When A Great Deflationary Bear Starts Turning Inflationary
by Tyler Durden
Over the past four years one of the dominant “deflationists” has been Gluskin Sheff’s David Rosenberg. And, for the most part, his corresponding thesis – long bonds – has been a correct and lucrative one, if not so much for any inherent deflation in the system but because of the Fed’s actual control of the entire bond curve and Bernanke’s monetization of the primary deflationary signal the 10 and certainly the 30 Year bond. The endless purchases of these two security classes, coupled with periodic flights to safety into the bond complex have validated his call. Until now.
In his latest letter the Gluskin Sheff strategist appears to be on the verge of a “tectonic shift” in his outlook and appears on the verge of transitioning to an inflationary view. The catalyst? The same one we have been highlighting for the past year – the central-planning induced breach of one of the most fundamental economic principles in the face of Okun’s law, which traditionally has been the basis for the Fed’s belief that based on current reads of output and GDP, the amount of slack in the system is still a very recessionary 6%, and that with further relentless monetization this output gap may be closed further resulting in a drop in the unemployment rate to the Open-Ended QE’s target of mid-6%. However, as we also pointed out previously, this does not jive with the recent surge in labor costs and drop in productivity, both of which are indicative of far less slack in the system and a far smaller output gap, than the Fed believes is present.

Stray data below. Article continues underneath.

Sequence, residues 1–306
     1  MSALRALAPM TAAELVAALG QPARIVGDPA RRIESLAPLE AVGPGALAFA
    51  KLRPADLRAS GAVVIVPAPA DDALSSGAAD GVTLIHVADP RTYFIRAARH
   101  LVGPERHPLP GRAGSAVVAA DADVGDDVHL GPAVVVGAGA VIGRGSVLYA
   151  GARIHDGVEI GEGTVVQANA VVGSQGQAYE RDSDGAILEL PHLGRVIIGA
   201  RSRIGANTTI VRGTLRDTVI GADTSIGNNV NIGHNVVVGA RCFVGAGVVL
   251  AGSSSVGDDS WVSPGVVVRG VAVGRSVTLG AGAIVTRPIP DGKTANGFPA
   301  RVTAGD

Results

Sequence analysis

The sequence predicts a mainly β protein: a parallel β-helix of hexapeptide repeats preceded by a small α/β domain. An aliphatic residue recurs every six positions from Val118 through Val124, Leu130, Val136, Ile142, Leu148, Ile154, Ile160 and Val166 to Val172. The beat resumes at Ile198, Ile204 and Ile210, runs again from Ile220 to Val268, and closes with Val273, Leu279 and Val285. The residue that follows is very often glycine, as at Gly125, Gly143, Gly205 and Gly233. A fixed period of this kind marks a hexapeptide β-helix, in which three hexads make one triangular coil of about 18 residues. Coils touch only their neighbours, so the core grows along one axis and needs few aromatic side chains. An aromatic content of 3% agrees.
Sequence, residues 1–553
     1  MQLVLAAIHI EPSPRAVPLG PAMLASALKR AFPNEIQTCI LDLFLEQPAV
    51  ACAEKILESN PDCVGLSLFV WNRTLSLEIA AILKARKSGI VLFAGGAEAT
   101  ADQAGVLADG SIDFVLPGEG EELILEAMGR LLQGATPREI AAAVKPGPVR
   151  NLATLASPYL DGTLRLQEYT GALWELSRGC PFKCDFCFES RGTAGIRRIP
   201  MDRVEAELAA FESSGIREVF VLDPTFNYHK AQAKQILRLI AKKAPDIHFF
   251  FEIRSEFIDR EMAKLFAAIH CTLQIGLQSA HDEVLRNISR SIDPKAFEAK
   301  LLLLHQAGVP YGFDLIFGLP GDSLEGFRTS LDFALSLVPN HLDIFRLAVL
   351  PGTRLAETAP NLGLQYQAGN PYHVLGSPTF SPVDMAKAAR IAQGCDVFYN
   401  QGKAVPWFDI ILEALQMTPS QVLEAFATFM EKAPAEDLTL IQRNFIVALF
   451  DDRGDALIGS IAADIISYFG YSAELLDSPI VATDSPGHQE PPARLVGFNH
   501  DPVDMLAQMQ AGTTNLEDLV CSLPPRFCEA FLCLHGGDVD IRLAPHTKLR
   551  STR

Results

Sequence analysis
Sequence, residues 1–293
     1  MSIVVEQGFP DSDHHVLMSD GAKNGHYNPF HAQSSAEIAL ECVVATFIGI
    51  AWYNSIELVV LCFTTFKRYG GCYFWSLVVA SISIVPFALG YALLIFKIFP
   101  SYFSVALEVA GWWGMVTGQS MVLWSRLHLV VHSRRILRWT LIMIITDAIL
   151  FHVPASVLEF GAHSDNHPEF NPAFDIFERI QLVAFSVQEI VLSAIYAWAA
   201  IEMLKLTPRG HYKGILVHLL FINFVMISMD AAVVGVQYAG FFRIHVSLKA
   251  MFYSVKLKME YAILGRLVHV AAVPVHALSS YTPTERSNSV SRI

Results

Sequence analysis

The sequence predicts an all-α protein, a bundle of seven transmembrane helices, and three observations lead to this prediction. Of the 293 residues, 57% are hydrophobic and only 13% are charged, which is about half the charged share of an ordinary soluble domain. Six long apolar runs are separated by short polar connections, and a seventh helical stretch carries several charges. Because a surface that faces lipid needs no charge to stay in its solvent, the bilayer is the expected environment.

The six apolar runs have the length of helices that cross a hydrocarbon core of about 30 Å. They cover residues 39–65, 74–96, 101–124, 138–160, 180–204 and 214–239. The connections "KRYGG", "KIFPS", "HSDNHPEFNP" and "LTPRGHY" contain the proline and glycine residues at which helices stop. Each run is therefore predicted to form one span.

Naturally, the logical conclusion is that with the Fed injecting $85 billion in deferred inflation into the system and with the output gap substantially less than forecast, the reflationary inflection point is certainly closer than many have feared. Certainly closer than a great deflationist such as Rosenberg has feared. From his latest letter: